“So that is how they do it,” said Sarah in tones of wonder. She then looked to her right, dropped her reins, shouldered her rifle – she'd picked that one that I'd adjusted for her – and fired. The scream that resulted was only exceeded by the fast-blooming eruption of fire that ended in a massive explosion.
“Another evening, another coach,” I said. The fire was, thankfully, some distance away on a 'feeder' road, one of the many in this particular area. “Those witches coming up here are going to be really surprised, as while they can find supplicants, they're practically going to need to get them interested with stiff-loaded fowling pieces any more. Money alone isn't going to cut it, as having a lot of money is no good to you if you're rotting in a compost heap, and the same else for a lot of what once made being a witch attractive.”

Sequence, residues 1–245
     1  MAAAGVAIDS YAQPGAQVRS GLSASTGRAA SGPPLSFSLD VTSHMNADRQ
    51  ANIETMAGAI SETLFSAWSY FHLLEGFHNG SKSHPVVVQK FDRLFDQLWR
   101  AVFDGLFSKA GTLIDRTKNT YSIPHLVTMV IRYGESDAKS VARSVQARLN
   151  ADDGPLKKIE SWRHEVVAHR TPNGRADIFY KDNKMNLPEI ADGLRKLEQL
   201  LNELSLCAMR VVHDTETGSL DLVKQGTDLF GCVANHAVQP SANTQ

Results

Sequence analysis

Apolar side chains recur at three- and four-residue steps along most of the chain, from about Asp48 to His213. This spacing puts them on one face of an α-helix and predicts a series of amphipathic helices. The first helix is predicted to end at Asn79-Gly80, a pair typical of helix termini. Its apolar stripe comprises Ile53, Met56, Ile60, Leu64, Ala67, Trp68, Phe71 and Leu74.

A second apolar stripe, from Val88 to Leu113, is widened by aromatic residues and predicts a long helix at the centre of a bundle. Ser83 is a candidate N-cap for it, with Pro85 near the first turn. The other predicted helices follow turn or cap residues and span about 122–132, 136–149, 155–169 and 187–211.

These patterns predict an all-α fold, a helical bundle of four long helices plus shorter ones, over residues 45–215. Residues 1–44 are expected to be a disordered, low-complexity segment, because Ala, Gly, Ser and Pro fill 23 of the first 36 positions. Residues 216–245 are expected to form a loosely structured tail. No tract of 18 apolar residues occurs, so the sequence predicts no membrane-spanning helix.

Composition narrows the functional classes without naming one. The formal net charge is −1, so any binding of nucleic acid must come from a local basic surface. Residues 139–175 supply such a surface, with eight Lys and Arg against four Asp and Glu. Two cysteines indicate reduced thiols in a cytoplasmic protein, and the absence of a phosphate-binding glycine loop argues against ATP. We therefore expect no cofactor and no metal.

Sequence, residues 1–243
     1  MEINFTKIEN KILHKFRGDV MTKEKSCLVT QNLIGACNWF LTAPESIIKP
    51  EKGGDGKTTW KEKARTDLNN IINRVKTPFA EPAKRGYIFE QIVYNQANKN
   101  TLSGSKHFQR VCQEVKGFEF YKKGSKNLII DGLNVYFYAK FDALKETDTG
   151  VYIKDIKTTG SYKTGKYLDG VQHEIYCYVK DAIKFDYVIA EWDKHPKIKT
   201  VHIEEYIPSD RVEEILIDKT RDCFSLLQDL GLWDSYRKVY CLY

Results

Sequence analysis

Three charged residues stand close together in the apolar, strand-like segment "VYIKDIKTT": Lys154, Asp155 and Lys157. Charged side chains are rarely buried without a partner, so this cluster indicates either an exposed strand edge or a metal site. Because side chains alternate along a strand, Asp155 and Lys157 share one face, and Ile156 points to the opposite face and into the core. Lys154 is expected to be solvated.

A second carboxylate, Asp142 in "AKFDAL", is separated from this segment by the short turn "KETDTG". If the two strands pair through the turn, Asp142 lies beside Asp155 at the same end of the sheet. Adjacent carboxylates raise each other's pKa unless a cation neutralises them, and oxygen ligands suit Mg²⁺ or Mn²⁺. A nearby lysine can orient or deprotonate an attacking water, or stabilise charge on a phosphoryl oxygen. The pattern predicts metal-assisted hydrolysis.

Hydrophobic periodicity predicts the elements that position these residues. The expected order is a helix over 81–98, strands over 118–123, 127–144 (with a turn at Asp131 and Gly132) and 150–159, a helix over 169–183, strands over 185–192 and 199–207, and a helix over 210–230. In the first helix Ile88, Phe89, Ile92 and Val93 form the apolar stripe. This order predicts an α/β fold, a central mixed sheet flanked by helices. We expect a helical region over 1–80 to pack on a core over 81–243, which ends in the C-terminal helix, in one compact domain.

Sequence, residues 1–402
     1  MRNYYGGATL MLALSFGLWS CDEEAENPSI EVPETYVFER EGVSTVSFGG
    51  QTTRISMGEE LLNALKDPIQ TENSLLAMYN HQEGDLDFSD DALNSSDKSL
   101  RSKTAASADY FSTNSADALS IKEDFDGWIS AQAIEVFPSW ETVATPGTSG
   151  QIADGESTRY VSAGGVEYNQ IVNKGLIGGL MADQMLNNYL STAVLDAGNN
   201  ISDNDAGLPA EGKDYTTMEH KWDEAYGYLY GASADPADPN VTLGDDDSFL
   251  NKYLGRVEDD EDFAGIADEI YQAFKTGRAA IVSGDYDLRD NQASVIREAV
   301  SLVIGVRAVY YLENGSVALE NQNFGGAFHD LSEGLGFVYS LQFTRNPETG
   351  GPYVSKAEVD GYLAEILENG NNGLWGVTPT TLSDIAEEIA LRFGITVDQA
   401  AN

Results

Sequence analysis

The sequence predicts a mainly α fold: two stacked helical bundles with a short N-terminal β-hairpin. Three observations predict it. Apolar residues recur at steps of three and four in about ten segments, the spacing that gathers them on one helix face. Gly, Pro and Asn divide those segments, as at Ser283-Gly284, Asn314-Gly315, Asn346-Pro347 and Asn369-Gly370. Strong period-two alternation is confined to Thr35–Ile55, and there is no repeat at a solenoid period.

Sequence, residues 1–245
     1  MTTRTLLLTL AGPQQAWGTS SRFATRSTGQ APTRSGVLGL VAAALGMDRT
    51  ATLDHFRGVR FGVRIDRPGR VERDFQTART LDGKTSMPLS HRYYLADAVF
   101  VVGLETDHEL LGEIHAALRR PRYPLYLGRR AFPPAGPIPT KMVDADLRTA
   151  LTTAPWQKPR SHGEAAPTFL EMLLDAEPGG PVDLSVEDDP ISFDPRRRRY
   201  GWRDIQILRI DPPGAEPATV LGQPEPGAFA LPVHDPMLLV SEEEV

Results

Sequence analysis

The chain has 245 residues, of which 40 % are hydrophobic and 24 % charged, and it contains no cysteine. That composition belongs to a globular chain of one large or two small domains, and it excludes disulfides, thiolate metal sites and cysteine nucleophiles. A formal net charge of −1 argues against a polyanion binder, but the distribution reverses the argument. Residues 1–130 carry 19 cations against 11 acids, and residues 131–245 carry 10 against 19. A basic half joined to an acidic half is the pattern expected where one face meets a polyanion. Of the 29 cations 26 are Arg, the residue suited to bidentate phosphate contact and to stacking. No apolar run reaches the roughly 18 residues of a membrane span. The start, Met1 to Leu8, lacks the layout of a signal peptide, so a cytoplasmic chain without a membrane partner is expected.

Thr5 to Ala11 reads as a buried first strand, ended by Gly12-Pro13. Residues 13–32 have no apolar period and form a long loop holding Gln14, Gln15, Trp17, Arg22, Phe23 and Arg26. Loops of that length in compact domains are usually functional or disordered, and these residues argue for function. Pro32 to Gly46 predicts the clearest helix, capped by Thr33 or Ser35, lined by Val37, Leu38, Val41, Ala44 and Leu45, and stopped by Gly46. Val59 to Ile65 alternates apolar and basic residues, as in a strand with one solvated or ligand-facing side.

“You left out one thing,” said the soft voice. “What you spoke of will take care of many of the fence-sitters, at least for the time being – but the lack of such things will not faze those who want to be witches for other reasons, and there still are such people in the first kingdom.”
“I think many of them are trying to get out of this area,” said Sarah dryly. Her rifle lay between her knees and pointed over to her right, this for ready use. Suddenly, her arm rose to point. “There, over there. L-long shot. I see what looks like a distillate-fueled lantern.”
I aimed at this pulsating light source, touching the top of the 'telescopic' sight as I did so, and when I looked, I not only clearly saw the window of the coach, but I saw concentric glowing ovoids that seemed to guide me into the target's very center. I aimed at the light source itself, and fired.